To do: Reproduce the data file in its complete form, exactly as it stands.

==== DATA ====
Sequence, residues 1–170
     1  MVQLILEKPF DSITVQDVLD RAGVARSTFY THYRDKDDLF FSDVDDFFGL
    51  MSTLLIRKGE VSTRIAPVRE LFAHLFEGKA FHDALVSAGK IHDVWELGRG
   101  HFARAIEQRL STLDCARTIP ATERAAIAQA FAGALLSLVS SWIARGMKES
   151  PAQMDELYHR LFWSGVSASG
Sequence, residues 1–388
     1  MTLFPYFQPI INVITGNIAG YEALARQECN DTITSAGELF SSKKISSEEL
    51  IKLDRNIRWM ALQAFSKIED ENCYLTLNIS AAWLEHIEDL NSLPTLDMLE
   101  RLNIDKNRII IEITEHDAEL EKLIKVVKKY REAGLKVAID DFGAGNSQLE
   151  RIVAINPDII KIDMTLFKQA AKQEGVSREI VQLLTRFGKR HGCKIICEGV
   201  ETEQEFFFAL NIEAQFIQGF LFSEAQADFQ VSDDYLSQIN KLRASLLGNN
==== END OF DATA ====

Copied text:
Sequence, residues 1–170
     1  MVQLILEKPF DSITVQDVLD RAGVARSTFY THYRDKDDLF FSDVDDFFGL
    51  MSTLLIRKGE VSTRIAPVRE LFAHLFEGKA FHDALVSAGK IHDVWELGRG
   101  HFARAIEQRL STLDCARTIP ATERAAIAQA FAGALLSLVS SWIARGMKES
   151  PAQMDELYHR LFWSGVSASG
Sequence, residues 1–388
     1  MTLFPYFQPI INVITGNIAG YEALARQECN DTITSAGELF SSKKISSEEL
    51  IKLDRNIRWM ALQAFSKIED ENCYLTLNIS AAWLEHIEDL NSLPTLDMLE
   101  RLNIDKNRII IEITEHDAEL EKLIKVVKKY REAGLKVAID DFGAGNSQLE
   151  RIVAINPDII KIDMTLFKQA AKQEGVSREI VQLLTRFGKR HGCKIICEGV
   201  ETEQEFFFAL NIEAQFIQGF LFSEAQADFQ VSDDYLSQIN KLRASLLGNN